For me, the last year has enabled me to prove there is a readership for my writing, and cock a snook (whatever that may be) at all the agents who rejected my novels. I've sold over 44,000 books, and made quite a bit of money. Even if it is all downhill from now on, I'll be eternally grateful for the opportunities Amazon gave me.

Friday, 16 September 2011

I've published my first two fantasy novels...

I finally decided to publish for Kindle the first two novels I wrote, Torbrek...and the Dragon Variation and Trav Zander. 

I hesitated because they are such a different genre from Remix and Replica. Difficult to pin down what they are precisely - in fact, the way I generally describe them is fantasy for readers who don't usually like fantasy. For one thing, the characters talk like normal people instead of in that stiff archaic way so common in fantasy fiction. The setting is medieval with dragons, but no magic or elves. Especially not elves. They are suitable for any age reader from young adult upwards.

One of my favourite comments came from Steven Cudahy: "I love the characters. You seem to have managed to create a set of people halfway between Lord Of The Rings and Monty Python's Holy Grail."

I'm looking forward to seeing what the new gatekeepers, readers, think of them.

Torbrek...and the Dragon Variation UK 99p, US $0.99

Trav Zander UK 99p, US $0.99

Thursday, 8 September 2011

Just Fiction Edition scam

Today I got this email:

Dear Ms Revellian, 

I am writing on behalf of a new international publishing house, JustFiction! Edition. 

In the course of a web-research I came across a reference of your manuscript TRAV ZANDER and it has caught my attention. 

We are a publisher recognized worldwide, whose aim it is to help talented but international yet unknown authors to publish their manuscripts supported by our experience of publishing and to make their writing available to a wider audience. 

JustFiction! Edition would be especially interested in publishing your manuscript as an e-book and in the form of a printed book and all this at no cost to you, of course. 

If you are interested in a co-operation I would be glad to send you an e-mail with further information in an attachment.

I look forward to hearing from you. 

Kind regards 

Evelyn Davis
Acquisition Editor

Lots of writers have received similar emails recently. Go to Just Fiction's website and it's curiously vague about the details of what is on offer should you sign up with them. Check out Writer Beware and you will find it most likely appropriates your rights forever and pays you 10% royalty - extremely stingy for ebooks, even by publishing standards.

It's a sad fact these days that if a publisher expresses interest in your novel off his own bat, it is almost certainly a scam. Don't be flattered, do be suspicious. You can do better than this on your own.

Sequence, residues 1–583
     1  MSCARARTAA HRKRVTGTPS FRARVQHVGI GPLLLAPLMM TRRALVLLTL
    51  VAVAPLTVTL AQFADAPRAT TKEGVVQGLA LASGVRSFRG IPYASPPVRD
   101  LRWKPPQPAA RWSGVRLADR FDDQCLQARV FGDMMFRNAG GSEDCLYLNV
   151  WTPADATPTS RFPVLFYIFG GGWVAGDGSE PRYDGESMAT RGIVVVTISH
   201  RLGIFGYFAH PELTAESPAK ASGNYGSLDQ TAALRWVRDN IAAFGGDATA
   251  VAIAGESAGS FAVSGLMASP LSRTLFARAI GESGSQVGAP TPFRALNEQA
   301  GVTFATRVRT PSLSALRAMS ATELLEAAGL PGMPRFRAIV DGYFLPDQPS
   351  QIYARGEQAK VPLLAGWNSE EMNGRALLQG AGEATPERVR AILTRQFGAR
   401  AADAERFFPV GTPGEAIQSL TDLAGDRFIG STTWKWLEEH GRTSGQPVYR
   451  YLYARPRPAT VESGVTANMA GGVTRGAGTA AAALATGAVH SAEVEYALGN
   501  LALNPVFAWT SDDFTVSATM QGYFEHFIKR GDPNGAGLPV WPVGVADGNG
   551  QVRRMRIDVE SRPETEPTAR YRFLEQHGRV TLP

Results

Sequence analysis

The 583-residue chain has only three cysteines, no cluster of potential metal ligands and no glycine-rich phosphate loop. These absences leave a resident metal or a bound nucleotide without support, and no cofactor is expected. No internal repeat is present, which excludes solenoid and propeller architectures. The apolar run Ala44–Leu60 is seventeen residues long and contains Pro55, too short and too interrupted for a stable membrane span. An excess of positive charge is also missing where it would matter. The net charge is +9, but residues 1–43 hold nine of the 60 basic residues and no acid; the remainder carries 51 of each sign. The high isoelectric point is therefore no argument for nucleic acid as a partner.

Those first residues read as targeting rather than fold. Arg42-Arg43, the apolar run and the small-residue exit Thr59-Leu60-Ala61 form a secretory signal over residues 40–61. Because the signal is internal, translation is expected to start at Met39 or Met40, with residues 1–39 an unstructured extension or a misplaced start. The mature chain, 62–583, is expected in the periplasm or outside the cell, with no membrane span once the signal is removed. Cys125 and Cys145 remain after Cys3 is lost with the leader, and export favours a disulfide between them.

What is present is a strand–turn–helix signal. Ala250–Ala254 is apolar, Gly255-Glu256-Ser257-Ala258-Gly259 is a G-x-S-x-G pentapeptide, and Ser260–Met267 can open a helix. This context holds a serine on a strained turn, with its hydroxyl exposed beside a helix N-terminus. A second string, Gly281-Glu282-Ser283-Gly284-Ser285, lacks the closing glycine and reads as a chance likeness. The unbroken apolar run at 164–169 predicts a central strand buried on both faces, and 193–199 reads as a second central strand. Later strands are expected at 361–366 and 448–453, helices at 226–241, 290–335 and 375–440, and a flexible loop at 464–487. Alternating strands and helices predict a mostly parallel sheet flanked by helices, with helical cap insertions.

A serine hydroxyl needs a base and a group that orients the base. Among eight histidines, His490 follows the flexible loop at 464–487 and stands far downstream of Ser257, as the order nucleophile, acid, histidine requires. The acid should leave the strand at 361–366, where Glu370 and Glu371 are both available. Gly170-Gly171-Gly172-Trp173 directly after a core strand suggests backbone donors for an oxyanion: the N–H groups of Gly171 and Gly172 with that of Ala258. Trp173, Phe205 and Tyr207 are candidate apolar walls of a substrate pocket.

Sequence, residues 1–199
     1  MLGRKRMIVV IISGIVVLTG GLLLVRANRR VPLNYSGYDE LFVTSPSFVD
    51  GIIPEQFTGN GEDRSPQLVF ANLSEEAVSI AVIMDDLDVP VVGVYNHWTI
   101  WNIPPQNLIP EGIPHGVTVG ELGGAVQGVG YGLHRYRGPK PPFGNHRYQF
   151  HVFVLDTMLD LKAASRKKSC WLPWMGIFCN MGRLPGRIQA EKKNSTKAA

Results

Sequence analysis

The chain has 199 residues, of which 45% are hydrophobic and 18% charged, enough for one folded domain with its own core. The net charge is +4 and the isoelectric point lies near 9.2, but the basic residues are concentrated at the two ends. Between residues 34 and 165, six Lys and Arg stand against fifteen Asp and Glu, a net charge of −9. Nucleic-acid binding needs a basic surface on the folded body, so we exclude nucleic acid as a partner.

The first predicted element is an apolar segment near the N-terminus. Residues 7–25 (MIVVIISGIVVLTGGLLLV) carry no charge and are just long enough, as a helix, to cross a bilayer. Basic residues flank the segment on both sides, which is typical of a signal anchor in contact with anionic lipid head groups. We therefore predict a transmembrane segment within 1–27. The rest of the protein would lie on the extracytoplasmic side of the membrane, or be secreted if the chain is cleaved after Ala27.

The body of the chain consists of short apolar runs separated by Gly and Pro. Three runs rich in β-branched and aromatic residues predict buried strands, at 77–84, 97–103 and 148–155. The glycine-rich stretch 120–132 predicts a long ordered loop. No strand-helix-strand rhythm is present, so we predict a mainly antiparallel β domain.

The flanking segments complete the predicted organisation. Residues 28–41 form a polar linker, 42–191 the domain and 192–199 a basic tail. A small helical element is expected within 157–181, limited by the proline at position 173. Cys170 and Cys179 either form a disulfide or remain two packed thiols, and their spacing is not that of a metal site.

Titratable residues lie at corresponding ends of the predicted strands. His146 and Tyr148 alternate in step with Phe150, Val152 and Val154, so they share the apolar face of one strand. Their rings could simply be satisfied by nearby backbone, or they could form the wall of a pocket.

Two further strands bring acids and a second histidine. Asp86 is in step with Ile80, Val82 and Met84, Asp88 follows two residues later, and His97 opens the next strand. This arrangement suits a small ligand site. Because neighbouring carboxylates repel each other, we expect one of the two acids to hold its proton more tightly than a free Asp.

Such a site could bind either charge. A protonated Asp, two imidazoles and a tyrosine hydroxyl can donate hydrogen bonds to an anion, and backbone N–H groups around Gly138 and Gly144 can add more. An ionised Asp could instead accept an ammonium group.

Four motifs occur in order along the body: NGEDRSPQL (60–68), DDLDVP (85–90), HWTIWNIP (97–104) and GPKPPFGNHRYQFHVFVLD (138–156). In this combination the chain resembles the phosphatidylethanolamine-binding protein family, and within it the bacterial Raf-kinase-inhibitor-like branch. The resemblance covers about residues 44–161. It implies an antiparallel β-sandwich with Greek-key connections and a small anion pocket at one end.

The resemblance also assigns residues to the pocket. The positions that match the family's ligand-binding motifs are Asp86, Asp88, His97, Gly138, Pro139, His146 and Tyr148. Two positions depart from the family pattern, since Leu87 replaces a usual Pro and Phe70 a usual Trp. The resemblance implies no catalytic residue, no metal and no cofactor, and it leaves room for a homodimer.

Sunday, 4 September 2011

Revenge of the Rejected

Anyone who has tried to get a publishing deal knows it's currently harder than ever. If you succeed, the advance is likely to be small and the contract all-inclusive ( just in case something unforeseen like holograms or brain implants become the dominant format some time in the future.) I've speculated before that all this rejected talent may come back to bite the publishing industry on the bottom, and with so many indie books in the Kindle charts, I think there is now evidence this is happening.

It's easy to say when JK Rowling chose to e-publish Harry Potter herself via Pottermore that with her money and clout, she can do what the rest of us can't. But there's more. Mostly in America, publishers have picked up the best-selling indies - at a price. (If they'd had the wit to sign Amanda Hocking when she was submitting the year before, they'd have got her for much less than the two million dollars they paid.) Barry Eisler turned down half a million dollars from St Martins to stay indie. John Locke, a prolific and successful indie writer, has just signed a deal with Simon & Schuster. But it's a pretty unusual deal - it's just for print books. He retains ebook rights.

No eager publisher has contacted me. But in the unlikely event of this happening, would I be interested? I'd love a print-only deal that would get my novels into the bookshops, and handle foreign and film rights for me. This is improbable, though; I imagine they'd want full control, with a modest advance of five or ten thousand - and I've earned more than that on my own in one year of self-publishing. Add the loss of control, a delay of eighteen months before publication, and paper book sales dropping all the time as digital rise, and I'd feel a distinct lack of enthusiasm.

Bob Mayer, a New York Times best selling author, has been approached three times in the past month by trad authors asking him how ebooks work. He says, "Frankly, I don’t think anyone in NY Publishing really understands the big picture of ebook publishing from writer to reader." I'm not sure they get the small picture, either. Inexcusably, some formatting is  carelessly done. I often notice blurbs on Amazon for mainstream published ebooks with duplications, stray bits of HTML, or missing punctuation. Sometimes the author's page is left blank. When I told an author friend I'd noticed mistakes in his blurb, he said that was the responsibility of the marketing department, and it was difficult to get them to change things.

So: we have good books the public wants to read being rejected by publishers. Midlist authors are treated badly by their publishers. Bookshops are struggling, closing or changing hands. A growing indie movement has proved astonishingly successful over the last year. Writers and readers have more choice and opportunity.

Vive la ré